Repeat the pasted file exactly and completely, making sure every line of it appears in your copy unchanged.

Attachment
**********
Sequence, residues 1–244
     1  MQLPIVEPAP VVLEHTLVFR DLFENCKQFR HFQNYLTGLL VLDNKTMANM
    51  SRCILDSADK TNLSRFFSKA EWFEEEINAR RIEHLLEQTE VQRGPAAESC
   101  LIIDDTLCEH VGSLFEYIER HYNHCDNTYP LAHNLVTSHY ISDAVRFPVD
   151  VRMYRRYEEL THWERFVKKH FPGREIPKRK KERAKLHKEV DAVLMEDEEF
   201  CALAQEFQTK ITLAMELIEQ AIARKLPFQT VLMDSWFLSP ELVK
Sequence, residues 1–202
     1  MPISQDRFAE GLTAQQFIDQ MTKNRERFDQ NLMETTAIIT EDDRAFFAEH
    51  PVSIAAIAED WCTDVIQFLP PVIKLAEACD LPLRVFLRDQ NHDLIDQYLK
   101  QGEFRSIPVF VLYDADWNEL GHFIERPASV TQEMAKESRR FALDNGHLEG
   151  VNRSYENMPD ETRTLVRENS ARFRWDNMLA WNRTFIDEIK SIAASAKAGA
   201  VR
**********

Sequence, residues 1–244
     1  MQLPIVEPAP VVLEHTLVFR DLFENCKQFR HFQNYLTGLL VLDNKTMANM
    51  SRCILDSADK TNLSRFFSKA EWFEEEINAR RIEHLLEQTE VQRGPAAESC
   101  LIIDDTLCEH VGSLFEYIER HYNHCDNTYP LAHNLVTSHY ISDAVRFPVD
   151  VRMYRRYEEL THWERFVKKH FPGREIPKRK KERAKLHKEV DAVLMEDEEF
   201  CALAQEFQTK ITLAMELIEQ AIARKLPFQT VLMDSWFLSP ELVK
Sequence, residues 1–202
     1  MPISQDRFAE GLTAQQFIDQ MTKNRERFDQ NLMETTAIIT EDDRAFFAEH
    51  PVSIAAIAED WCTDVIQFLP PVIKLAEACD LPLRVFLRDQ NHDLIDQYLK
   101  QGEFRSIPVF VLYDADWNEL GHFIERPASV TQEMAKESRR FALDNGHLEG
   151  VNRSYENMPD ETRTLVRENS ARFRWDNMLA WNRTFIDEIK SIAASAKAGA
   201  VR